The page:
June 12, 2012 at 2:26 PM

league-of-nations-main.jpgIt’s called the world game and nowhere is that more evident that at the Caboolture Sports Football Club as part of the inaugural League of Nations Football Tournament.

The tournament is the brainchild of the football club and is designed to bring together local residents from diverse cultural and language backgrounds in the hope of making them more active and feel more connected with their local community.

“Our club was regularly seeing culturally diverse groups using our grounds for informal games, be it on a Sunday when it’s our club’s rest day or on an evening when a group would find an unused corner of a lit training field,” Caboolture Sports Football Club president Andrew Davies said.

“We quickly realised that there was a great opportunity for our club to better understand how these people were feeling and for us to do something to help them integrate into their local community.”

After speaking with the Caboolture Neighbourhood Centre, the football club was able to quickly find the right connections to start signing people up. Funding for the program was provided by the Queensland Government through their Sport and Recreation Active Inclusion Grants Program which helped pay for player registration, insurances, player uniforms and referees.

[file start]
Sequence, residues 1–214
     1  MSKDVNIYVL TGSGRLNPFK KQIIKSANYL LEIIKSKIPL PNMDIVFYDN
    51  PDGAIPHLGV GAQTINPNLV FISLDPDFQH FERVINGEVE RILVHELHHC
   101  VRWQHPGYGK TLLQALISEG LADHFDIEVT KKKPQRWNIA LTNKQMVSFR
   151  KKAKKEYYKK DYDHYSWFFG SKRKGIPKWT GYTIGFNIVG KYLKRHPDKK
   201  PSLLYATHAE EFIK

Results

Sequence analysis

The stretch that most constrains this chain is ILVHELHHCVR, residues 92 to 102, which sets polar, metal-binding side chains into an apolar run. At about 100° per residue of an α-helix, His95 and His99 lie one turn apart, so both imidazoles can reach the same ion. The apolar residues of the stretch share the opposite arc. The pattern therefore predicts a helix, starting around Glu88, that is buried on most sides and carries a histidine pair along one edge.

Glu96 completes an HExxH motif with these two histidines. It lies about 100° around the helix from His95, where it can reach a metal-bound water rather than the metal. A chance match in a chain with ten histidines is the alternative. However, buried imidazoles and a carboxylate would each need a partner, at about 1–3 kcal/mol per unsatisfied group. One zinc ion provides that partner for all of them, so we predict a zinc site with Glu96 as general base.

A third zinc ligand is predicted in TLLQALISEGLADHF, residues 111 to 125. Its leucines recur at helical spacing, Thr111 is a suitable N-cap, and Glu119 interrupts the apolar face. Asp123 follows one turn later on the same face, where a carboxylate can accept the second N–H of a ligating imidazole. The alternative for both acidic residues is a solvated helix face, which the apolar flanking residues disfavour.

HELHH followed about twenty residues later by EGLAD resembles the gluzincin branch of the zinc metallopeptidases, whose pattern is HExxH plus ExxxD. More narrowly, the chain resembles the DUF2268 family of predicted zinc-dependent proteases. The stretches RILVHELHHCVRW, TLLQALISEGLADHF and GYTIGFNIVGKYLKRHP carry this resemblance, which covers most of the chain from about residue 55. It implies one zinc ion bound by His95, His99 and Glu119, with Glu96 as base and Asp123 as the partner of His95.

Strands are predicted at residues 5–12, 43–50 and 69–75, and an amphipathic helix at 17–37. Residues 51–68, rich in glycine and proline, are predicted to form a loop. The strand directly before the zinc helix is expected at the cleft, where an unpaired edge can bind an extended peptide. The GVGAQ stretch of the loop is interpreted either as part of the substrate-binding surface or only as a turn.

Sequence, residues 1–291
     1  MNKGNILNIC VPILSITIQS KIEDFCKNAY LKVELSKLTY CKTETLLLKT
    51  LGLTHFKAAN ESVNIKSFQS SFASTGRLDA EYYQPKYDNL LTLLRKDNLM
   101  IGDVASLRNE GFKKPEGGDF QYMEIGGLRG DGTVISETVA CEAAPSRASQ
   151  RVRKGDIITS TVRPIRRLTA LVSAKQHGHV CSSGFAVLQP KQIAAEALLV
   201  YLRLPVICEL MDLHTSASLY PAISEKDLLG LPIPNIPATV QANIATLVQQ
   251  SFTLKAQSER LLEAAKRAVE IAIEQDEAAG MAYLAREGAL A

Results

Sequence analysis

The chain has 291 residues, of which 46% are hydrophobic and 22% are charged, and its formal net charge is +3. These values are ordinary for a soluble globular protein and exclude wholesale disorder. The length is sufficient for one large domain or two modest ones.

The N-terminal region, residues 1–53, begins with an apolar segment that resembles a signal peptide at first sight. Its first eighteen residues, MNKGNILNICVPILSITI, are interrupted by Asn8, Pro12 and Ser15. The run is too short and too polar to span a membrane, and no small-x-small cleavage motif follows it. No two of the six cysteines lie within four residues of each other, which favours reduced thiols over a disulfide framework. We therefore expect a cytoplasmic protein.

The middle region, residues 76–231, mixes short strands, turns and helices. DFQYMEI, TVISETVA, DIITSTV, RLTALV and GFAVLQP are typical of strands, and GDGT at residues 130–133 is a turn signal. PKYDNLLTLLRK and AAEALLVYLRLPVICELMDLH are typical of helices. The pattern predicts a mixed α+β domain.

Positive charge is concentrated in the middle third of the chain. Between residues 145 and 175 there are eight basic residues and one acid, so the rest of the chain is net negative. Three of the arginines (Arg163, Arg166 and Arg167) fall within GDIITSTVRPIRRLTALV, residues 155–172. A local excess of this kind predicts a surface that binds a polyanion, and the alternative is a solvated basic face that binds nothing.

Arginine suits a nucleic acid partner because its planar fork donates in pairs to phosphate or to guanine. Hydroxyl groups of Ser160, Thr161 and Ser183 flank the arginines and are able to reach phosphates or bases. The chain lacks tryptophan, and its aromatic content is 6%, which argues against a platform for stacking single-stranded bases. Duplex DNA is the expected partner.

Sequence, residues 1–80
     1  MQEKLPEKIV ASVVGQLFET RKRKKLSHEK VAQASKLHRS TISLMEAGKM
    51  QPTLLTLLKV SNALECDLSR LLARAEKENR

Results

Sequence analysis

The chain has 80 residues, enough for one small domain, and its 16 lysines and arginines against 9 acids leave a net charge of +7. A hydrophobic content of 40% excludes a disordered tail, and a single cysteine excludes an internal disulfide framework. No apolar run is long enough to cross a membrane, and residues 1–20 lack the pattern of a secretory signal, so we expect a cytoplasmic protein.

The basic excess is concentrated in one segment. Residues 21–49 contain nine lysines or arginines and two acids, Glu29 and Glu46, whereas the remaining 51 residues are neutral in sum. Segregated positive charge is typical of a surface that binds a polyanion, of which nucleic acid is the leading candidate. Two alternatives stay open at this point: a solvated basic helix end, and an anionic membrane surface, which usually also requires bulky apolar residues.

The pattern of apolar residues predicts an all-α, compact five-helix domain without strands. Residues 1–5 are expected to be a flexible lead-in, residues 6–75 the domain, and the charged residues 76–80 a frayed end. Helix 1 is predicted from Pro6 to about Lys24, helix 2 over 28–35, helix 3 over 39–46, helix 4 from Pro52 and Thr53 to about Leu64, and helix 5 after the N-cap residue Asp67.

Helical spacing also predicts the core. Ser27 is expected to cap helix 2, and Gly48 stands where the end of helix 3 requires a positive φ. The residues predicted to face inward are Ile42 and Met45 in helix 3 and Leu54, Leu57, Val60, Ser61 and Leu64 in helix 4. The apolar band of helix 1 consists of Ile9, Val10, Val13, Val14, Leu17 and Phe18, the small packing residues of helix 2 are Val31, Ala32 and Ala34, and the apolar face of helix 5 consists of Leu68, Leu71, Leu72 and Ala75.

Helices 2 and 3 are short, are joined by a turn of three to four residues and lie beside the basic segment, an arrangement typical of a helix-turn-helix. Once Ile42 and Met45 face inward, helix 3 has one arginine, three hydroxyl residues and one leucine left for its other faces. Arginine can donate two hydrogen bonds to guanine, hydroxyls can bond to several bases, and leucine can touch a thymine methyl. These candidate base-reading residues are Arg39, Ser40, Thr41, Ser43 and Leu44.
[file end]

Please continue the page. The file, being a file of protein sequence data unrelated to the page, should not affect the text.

Nooreen Harris manages the cultural engagement programs at the Neighbourhood Centre and said the response to the tournament had been amazing.

“We not only received strong interest from Caboolture residents but also people from Brisbane, which luckily we have been able to accommodate,” she said.

The first round of Sunday games on May 6th saw 64 players from Vietnam, Fiji, Chile, Thailand, New Zealand, Bhutan, Peru, Burma, Malaysia, Bangladesh and Nepal take to the field.

The Caboolture League of Nations Tournament is on every Sunday afternoon until June 24th, with games starting at 3pm and 4pm. All matches are played at the Grant Road Sports Grounds in Morayfield, and spectator entry is free.